OPC '87

By Elizabeth Pasternak, Bruce Pope | 1987-12-01 12:00:00


By Elizabeth Pasternak

OPC '87, the fourth annual Ontario Peace Conference, met in September at King's College in London. About 200 people attended, representing about 100 different groups. Workshops provided something for everyone, ranging in topic from peace education to peace parenting to provincial and federal politics. Seminars discussed independent peace movements in the Eastern bloc; how to develop links to other movements; the case of Leonard Peltier; and native rights in Canada.

Ann Pohl from the Toronto Anti-Intervention Coalition felt that this year's OPC mirrored the widening viewpoint of the peace movement: Recalling the first OPC in 1984, Pohl notes, "I remember saying that it was nice to be concerned with the prospect of war but what about the real wars that are taking place now? People just nodded and said thanks for bringing it to our attention."

The 1986 NWFO campaign centred on making our province Nuclear Weapons Free Ontario, which was achieved in November 1986. This summer during the provincial election, the NWFO campaign circulated a questionnaire on eight specific nuclear-related issues among every candidate.

Forcing the implementation of NWFZ policy was less successful than bringing about the declaration of a NWFZ. Christine Peringer, reporting on the election, noted that Premier Peterson did not respond to seven of the eight questions, causing other Liberal candidates to follow suit:

Different views were expressed on the process of the NWFO campaign. Josie Wallenius of Thunder Bay felt that groups should concentrate on one issue. Others felt that coordination among groups need not be rigid. Jennifer Ramsay from Toronto said, "There are lots of things to work on together, but they shouldn't be enforced. We shouldn't spend time arguing about what's the most important issue." The debate closed with the decision to meet again in February. OPC co-ordinator Paul Pasternak said, "Ontario is hot -- people will go home and work in their communities."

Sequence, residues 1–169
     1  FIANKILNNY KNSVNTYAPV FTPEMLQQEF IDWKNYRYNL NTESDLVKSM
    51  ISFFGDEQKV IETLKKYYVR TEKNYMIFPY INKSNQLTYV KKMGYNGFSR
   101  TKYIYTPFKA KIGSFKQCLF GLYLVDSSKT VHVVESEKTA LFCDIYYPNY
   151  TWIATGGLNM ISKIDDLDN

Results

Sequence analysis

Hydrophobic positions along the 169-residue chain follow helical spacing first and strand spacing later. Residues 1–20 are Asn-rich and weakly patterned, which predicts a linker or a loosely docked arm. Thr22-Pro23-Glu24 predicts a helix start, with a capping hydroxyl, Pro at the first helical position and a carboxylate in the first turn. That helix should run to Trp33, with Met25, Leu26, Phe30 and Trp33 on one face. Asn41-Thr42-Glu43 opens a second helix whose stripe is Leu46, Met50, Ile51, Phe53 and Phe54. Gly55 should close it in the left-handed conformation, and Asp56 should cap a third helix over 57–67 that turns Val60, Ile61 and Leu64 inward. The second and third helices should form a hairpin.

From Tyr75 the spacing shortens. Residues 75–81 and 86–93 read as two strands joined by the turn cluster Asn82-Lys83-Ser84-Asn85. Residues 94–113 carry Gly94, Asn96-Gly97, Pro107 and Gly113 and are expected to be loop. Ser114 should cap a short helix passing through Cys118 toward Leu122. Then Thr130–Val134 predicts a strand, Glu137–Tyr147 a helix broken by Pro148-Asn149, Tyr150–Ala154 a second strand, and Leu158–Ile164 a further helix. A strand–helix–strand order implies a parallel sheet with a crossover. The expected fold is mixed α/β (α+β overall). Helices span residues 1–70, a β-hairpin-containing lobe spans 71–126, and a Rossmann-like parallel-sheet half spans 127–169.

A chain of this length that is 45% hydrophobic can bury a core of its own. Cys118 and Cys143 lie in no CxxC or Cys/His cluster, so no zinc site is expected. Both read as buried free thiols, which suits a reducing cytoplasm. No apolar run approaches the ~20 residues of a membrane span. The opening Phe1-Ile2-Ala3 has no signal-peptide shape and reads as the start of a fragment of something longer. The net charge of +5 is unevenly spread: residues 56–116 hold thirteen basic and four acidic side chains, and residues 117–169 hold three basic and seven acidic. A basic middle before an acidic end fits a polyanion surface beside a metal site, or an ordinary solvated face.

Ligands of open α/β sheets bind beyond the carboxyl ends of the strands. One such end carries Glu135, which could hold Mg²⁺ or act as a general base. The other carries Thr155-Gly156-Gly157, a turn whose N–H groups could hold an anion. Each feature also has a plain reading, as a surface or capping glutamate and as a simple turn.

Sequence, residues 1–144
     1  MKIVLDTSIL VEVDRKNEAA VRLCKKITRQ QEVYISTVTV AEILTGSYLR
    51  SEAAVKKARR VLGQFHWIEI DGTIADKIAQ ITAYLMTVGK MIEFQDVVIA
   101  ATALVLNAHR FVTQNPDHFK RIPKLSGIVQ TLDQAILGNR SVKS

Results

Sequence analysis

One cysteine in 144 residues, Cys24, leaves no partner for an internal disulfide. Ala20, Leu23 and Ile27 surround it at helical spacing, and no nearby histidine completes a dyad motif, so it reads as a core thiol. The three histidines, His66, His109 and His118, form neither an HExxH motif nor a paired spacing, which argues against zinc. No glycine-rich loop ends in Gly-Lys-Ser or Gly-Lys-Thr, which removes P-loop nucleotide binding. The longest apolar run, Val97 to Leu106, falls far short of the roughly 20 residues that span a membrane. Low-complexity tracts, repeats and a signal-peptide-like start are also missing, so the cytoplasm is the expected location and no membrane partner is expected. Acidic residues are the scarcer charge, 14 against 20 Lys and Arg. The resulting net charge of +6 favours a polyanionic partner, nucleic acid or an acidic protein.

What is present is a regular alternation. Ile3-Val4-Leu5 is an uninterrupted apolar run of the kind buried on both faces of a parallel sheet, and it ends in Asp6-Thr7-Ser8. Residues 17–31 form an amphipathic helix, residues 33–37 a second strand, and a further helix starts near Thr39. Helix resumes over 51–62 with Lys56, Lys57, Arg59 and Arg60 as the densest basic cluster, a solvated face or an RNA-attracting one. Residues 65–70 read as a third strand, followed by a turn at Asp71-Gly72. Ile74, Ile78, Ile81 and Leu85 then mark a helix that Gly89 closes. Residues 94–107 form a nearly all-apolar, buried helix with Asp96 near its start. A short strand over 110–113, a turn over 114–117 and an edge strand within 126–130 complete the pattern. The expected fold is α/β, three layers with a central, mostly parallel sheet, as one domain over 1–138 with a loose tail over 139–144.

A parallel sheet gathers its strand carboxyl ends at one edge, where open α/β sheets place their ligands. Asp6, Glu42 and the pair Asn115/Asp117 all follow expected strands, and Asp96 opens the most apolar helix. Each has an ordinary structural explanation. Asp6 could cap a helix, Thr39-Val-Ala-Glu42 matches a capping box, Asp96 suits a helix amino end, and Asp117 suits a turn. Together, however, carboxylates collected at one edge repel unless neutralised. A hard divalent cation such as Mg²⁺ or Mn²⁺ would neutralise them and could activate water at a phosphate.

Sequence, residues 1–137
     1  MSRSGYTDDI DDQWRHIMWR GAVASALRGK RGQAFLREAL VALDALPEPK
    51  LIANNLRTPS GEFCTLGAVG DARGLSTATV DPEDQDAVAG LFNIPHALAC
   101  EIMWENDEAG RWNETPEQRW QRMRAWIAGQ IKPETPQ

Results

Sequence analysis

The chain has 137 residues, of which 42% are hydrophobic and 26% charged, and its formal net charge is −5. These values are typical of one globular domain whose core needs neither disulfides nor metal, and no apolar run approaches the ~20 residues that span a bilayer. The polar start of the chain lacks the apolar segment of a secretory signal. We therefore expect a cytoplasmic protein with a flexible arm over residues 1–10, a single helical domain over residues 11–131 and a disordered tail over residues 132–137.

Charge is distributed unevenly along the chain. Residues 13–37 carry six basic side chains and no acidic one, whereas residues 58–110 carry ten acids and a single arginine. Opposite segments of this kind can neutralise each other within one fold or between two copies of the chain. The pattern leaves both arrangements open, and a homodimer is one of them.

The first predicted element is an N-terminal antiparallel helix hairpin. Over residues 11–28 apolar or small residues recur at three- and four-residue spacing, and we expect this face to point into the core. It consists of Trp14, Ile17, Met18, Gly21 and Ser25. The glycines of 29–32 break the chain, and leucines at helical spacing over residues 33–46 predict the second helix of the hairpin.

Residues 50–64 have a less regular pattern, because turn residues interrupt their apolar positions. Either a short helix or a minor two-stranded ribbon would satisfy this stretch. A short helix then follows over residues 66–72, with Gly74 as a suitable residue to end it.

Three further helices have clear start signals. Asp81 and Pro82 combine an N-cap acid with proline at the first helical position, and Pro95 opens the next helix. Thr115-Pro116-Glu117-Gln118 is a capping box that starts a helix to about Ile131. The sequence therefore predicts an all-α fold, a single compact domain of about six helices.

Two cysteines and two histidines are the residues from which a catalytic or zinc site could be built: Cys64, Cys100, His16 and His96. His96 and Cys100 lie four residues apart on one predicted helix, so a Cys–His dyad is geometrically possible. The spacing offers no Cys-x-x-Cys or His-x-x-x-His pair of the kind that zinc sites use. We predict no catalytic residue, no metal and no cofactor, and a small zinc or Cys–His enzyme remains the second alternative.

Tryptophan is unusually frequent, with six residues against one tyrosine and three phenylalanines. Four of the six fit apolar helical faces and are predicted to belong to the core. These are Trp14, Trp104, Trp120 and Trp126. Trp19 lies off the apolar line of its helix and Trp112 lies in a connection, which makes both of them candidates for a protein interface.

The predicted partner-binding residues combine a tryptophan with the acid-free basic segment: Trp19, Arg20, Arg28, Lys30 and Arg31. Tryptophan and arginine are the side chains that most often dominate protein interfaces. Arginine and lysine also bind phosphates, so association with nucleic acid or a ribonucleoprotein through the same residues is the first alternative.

By Bruce Pope

You could participate in an OPC for far less money than a trip to Florida, spend less time, have a lot more fun, and be more refreshed when it's over. Try Peace! You'll like it!

This year's annual Ontario Peace Conference (OPC) was to be held in the University of Western Ontario, but the Canadian Union of Public Employees (CUPE) was on strike. To avoid violating picket lines, we moved to nearby King's College. Great hospitality! Some of us were billeted with friends of the movement, while others slept on cots in the basement of a Catholic church. The food was vegetarian -- massive lunches and a banquet for a hundred in a Moslem mosque, prepared and graciously served by members of the congregation. After supper at the mosque, the party moved to the "warehouse" of a theater cooperative which does a lot of work around peace themes. A meeting to plan the next campaign will be held near Barrie in December of '87. The OPC is set tentatively for September 16-18, 1988 and will be held somewhere near Guelph. Peace groups from the area volunteered to be convenors.

Peace Magazine Dec 1987-Jan 1988

Peace Magazine Dec 1987-Jan 1988, page 25. Some rights reserved.

Search for other articles by Elizabeth Pasternak here
Search for other articles by Bruce Pope here

Peace Magazine homepage